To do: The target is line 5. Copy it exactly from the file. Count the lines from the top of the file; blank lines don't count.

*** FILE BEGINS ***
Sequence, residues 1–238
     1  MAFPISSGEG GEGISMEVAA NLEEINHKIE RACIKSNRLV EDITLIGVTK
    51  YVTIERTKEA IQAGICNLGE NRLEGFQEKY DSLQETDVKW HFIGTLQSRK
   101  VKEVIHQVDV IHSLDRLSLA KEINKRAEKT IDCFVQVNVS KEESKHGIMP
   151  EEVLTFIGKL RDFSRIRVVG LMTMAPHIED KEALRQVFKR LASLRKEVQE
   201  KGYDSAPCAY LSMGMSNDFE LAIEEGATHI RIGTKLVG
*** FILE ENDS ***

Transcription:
   151  EEVLTFIGKL RDFSRIRVVG LMTMAPHIED KEALRQVFKR LASLRKEVQE